Piper and Carson: “12 Lessons for the Scholar as Pastor”

April 24, 2009 at 3:19 pm Leave a comment

Thank you to The Henry Center and Andy Naselli for live blogging at the “Pastor/Theologian Discussion” for those of us who could not be there.

These observations were made as John Piper and D.A. Carson talked about the subject “pastor as scholar / scholar as pastor. ”

  1. Take steps to avoid becoming a mere quartermaster. Any army needs quartermasters. If you’re an academic, you need to get on the front lines. Take five years to serve in a church. Engage the world at a personal level. Do evangelism. The origin of Carson’s The Gagging of God was university evangelism.
  2. Beware of the seduction of applause. This can come from at least two directions: (1) Academic seduction = it is more important to be learned than to be learned. Carson learned from his doctoral mentor that scholars may not have it all figured out after all; Carson learned that he would rather have what he had than what his doctoral mentor had. (2) The conservative-constituency-of-your-friends seduction = scholarship is for sale, and you constantly bolster your own group to show that you’re right. The approval of Jesus is what matters.
  3. Fight with every fiber of your being the common dichotomy between objective study of Scripture and devotional reading of Scripture. Be worshipful and devout in the most critical exegesis, and when you’re having your devotions, don’t stop thinking. Perhaps you could even have your devotions in Greek and Hebrew.
  4. Never forget that there are people out there—people for whom Christ died. It’s motivating to teachers for them to keep in mind the future ministry of their students.
  5. Happily recognize that God distributes different gifts among scholar-pastors as he distributes different gifts among various groups. Rejoice in scholars who are more productive than you are. (Footnote: Learn from those who have gone ahead of you to be at least reasonably strategic.)
  6. Recognize that students don’t learn everything you teach them. If the gospel becomes assumes but not what you are excited about, then you will teach your students that the gospel is not very important. If the first generation assumes the gospel, the second will marginalize it, and the third will deny it.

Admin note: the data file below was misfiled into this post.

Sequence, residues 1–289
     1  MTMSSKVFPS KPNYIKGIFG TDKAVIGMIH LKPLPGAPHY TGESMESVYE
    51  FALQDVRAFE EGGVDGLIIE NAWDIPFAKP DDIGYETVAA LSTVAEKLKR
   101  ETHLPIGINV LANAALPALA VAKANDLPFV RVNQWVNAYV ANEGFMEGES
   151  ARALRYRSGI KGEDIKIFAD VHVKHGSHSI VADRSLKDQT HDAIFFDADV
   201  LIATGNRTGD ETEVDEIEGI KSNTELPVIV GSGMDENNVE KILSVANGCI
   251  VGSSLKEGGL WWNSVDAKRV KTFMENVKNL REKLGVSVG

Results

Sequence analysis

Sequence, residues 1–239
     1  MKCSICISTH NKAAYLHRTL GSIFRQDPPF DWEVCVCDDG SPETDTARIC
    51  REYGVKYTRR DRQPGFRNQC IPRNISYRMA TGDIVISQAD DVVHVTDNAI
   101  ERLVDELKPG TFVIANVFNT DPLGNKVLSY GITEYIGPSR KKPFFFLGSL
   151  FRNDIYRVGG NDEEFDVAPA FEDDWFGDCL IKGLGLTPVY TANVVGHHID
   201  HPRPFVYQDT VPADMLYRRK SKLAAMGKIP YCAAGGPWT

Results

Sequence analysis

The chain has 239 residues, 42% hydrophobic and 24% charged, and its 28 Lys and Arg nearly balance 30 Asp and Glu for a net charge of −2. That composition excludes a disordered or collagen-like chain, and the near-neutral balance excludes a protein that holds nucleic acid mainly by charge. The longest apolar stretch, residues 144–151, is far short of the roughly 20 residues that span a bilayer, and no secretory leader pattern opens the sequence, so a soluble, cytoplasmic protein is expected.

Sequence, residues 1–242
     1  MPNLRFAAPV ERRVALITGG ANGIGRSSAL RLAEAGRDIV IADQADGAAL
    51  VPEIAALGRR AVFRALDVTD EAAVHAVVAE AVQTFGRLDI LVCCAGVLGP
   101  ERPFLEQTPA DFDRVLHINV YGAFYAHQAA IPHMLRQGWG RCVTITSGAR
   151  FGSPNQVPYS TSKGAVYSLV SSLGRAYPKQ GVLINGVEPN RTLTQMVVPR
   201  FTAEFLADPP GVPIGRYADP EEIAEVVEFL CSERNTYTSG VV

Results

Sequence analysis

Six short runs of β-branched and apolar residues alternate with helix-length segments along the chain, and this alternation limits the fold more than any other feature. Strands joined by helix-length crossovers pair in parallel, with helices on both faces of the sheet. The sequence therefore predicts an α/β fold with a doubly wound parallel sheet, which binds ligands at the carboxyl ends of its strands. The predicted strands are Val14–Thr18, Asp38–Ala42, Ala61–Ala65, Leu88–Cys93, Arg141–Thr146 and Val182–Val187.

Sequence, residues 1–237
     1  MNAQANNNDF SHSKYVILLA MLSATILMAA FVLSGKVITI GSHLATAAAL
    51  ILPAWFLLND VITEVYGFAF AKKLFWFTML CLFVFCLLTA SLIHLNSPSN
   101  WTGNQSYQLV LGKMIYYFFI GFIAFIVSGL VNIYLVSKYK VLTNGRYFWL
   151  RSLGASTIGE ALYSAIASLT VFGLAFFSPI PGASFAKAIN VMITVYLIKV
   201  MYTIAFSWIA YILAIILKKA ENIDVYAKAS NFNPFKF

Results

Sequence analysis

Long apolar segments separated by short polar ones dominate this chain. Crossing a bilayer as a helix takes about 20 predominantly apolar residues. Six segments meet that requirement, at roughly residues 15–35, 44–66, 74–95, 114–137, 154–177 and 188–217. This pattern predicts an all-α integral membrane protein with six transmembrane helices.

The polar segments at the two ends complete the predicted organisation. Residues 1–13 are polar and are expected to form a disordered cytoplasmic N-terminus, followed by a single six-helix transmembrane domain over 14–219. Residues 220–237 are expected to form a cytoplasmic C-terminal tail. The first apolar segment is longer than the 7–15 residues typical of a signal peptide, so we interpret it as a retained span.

7. Make the main thing the main thing, not only by not merely assuming the gospel, but in every domain of life. Don’t teach people merely to master the NT but to be mastered by the NT. Don’t teach people merely what passages say but how to find out what passages say. Don’t do systematic theology by focusing so much on prolegomena that you never get around to doing positive theology.
  8. Pray and work. Don’t let the agenda of publishers control your life. Don’t say Yes to every offer from publishers to write something. Don’t get owned.
  9. Love the church. TEDS is not going to exist in eternity; the church is.
  10. Avoid lone-ranger scholarship. Reading makes a full man, speaking a quick man, and writing an exact man (Francis Bacon). Collaborate with others when you write. Before you publish something, give it to others for review first (both friends and enemies).
  11. Be at least as interested in the work of others as you are in your own. Encourage others.
  12. Take the work seriously but not yourself. Get your spouse and children to laugh at you.

Entry filed under: Christianity, Faith, Philosophy, Religion, Thoughts.

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